Contents

# Contents

## Idea

In type theory, a type universe – usually written $\mathcal{U}$ or $Type$ – is a type whose terms are either themselves types (Russell universes), or representations of types in an internal model of the type theory (Tarski universes). Either way, it is a universe of (small) types, a universe in type theory, and sometimes called a type of types.

One also speaks of $\mathcal{U}$ as being a reflection of the type system in itself (e.g. MartinLöf 74, p. 6, Palmgren, pp. 2-3, Rathjen, p. 1, Luo 11, section 2.5, Luo 12, p. 2, Stanf. Enc. Phil.), following the reflection principle in set theory.

In homotopy type theory a type of (small) types is what in higher categorical semantics is interpreted as a (small) object classifier. Thus, the type of types is a refinement of the type of propositions which only contains the (-1)-truncated/h-level-1 types (and is semantically a subobject classifier).

In the presence of a type universe a judgement of the form

$\vdash A : \mathcal{U}$

says that $A$ is a term of type $\mathcal{U}$, hence is either a (small) type itself (for Russell universes), or a representation of types in an internal model of the type theory (for Tarski universes).

More generally, in Russell universes a hypothetical judgement of the form

$x : X \vdash A(x) : \mathcal{U}$

says that $A$ is an $X$-dependent type.

In Tarski universes the corresponding hypothetical judgment would be of the form

$x : X \vdash El(A)(x)\; type$

In homotopy type theory the type universe $\mathcal{U}$ is often assumed to satisfy the univalence axiom. This is a reflection of the fact that in its categorical semantics as an object classifier is part of an internal (∞,1)-category in the ambient (∞,1)-topos: the one that as an indexed category is the small codomain fibration.

Per Martin-Lof‘s original type theory contained a Russell universe which contained all types, which therefore in particular contained itself, i.e. one had $Type : Type$. But it was pointed out by Jean-Yves Girard that this was inconsistent; see Girard's paradox. Thus, modern type theories generally contain a hierarchy of types universes, with

$n:\mathbb{N} \vdash \mathcal{U}(n) : \mathcal{U}(n + 1)$

for Russell universes, and

$n:\mathbb{N} \vdash \mathcal{U}(n)\; type$
$n:\mathbb{N} \vdash \mathcal{U}^{'}(n) : \mathcal{U}(n + 1)$
$n:\mathbb{N} \vdash El_{n+1}(\mathcal{U}^{'}(n)) \equiv Type(n)$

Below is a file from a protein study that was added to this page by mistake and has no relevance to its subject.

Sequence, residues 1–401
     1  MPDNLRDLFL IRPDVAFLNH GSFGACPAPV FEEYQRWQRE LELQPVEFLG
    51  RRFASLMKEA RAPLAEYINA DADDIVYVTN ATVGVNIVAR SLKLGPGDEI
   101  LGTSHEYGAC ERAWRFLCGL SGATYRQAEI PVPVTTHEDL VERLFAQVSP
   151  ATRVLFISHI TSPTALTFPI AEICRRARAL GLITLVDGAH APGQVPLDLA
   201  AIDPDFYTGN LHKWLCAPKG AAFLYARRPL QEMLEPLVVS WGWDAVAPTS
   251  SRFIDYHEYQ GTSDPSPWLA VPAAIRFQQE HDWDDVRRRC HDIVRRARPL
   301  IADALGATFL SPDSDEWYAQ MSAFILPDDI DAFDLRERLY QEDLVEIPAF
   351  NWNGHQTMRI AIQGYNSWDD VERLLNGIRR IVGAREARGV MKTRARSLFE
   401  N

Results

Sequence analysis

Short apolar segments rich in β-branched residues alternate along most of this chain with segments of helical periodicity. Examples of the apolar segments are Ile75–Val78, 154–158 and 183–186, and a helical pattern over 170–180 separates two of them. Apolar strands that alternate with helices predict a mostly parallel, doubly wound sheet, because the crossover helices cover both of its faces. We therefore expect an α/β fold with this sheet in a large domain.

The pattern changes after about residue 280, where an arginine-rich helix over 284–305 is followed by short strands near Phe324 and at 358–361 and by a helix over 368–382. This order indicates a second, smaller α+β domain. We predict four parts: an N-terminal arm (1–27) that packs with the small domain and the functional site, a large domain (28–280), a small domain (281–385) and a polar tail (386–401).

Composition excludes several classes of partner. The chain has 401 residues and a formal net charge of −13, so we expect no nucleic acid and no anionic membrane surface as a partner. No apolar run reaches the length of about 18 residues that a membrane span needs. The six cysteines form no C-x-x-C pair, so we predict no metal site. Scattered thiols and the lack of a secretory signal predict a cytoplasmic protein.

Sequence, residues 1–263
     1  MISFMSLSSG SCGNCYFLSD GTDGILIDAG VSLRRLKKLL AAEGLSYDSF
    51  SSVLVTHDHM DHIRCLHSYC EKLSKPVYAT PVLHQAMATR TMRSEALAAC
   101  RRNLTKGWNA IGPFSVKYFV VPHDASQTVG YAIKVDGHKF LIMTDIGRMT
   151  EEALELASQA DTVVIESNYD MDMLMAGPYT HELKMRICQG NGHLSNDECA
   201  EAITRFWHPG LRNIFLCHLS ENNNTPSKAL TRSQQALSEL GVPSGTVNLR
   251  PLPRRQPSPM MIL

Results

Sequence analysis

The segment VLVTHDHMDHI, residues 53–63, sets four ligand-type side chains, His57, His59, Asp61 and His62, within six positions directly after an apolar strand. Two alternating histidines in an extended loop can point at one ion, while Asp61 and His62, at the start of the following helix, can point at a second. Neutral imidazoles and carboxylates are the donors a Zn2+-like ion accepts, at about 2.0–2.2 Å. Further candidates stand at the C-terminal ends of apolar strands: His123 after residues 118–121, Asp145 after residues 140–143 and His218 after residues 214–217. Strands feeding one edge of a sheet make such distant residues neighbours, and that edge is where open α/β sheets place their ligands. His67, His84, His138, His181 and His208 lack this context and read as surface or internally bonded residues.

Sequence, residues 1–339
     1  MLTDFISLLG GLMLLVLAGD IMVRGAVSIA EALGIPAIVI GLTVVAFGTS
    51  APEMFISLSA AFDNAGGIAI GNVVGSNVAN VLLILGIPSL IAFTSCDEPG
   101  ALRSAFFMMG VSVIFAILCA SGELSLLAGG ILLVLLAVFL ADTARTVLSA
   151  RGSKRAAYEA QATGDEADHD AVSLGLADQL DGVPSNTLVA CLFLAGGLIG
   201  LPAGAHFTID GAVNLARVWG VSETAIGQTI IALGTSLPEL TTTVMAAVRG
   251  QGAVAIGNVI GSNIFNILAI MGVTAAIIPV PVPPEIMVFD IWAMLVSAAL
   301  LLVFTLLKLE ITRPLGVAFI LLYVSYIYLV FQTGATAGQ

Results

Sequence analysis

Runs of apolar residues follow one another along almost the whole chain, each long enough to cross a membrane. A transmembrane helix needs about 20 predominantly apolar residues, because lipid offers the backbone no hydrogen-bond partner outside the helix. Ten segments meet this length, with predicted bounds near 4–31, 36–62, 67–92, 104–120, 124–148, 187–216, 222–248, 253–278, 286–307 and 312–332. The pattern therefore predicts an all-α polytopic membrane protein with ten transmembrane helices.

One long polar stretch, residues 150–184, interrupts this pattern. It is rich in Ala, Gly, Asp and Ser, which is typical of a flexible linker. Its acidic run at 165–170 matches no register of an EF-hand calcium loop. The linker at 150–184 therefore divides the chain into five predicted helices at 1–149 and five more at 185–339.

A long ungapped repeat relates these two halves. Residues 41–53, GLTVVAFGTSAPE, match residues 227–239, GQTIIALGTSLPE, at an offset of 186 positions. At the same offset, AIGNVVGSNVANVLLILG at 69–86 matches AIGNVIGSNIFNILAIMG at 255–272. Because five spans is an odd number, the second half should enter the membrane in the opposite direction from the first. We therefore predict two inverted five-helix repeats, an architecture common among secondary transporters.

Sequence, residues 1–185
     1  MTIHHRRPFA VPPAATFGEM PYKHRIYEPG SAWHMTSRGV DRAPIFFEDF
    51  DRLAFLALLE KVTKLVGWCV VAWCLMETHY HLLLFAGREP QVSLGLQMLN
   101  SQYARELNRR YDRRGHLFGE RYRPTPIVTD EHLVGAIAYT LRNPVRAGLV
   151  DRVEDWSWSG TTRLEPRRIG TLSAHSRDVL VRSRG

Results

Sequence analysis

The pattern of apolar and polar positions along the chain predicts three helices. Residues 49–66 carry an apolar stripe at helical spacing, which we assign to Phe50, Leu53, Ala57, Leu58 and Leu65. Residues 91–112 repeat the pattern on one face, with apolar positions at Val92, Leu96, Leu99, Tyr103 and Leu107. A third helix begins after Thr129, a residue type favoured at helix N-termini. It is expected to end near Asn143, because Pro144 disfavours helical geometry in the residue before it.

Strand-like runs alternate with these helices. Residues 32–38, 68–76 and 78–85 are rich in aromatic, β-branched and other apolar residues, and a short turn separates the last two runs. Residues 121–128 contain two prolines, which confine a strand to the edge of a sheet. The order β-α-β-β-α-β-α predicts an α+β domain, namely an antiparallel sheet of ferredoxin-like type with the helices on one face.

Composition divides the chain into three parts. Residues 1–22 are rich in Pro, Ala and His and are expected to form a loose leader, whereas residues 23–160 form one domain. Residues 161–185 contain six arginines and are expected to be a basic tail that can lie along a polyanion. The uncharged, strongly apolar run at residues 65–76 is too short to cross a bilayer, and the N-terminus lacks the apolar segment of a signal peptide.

$n:\mathbb{N} \vdash El_{n,n+1}:\mathcal{U}(n) \to \mathcal{U}(n + 1)$
$n:\mathbb{N} \vdash p:is1Monic(El_{n,n+1})$

for Tarski universes.

## Formalizations

### Russell universe

A Russell universe or universe à la Russell is a type whose terms are types. In the presence of a separate judgment$A \;type$”, this can be formulated as a deduction rule of the form

$\frac{A:\mathcal{U}}{A \;type}$

Thus, the type formers have rules saying which universe they belong to, such as:

$\frac{A:\mathcal{U}\quad B:A\to \mathcal{U}}{\Pi\, A\, B : \mathcal{U}}$

With Russell universes, we can also omit the judgment “$A\; type$” and replace it everywhere by a judgment that A is a term of some universe. This is the approach taken in UFP13.

### Tarski universes

A Tarski universe or a universe à la Tarski (Hofmann, section 2.1.6, Luo 12, Gallozzi 14, p. 40) is a type $U$ together with an “interpretation” operation allowing us to regard its terms as codes or names for actual types. Thus we have a rule such as

$\frac{A:\mathcal{U}}{El(A)\;type}$

saying that for each term $A$ of the type universe $U$ there is an actual type $El(A)$. This is the approach taken by Egbert Rijke‘s Introduction to Homotopy Type Theory.

Conversely, with notation as used at object classifier in an (infinity,1)-topos, one might write $A = 'El(A)'$ to indicate that $A$ is the name of the type $El(A)$ in the type universe.

We usually also have operations on the universe corresponding to (but not identical to) type formers, such as

$\frac{A:\mathcal{U}\quad B:A\to \mathcal{U}}{\pi(A, B) : \mathcal{U}}$

with an equality $El(\pi(A,B))=\Pi \, El(A)\, El(B)$. Usually this latter equality (and those for other type formers) is a judgmental equality. If it is only an equivalence (i.e. we have a rule which gives us a canonical term of the equivalence type), we may speak of a weakly Tarski universe (Gallozzi 14, p. 49-50).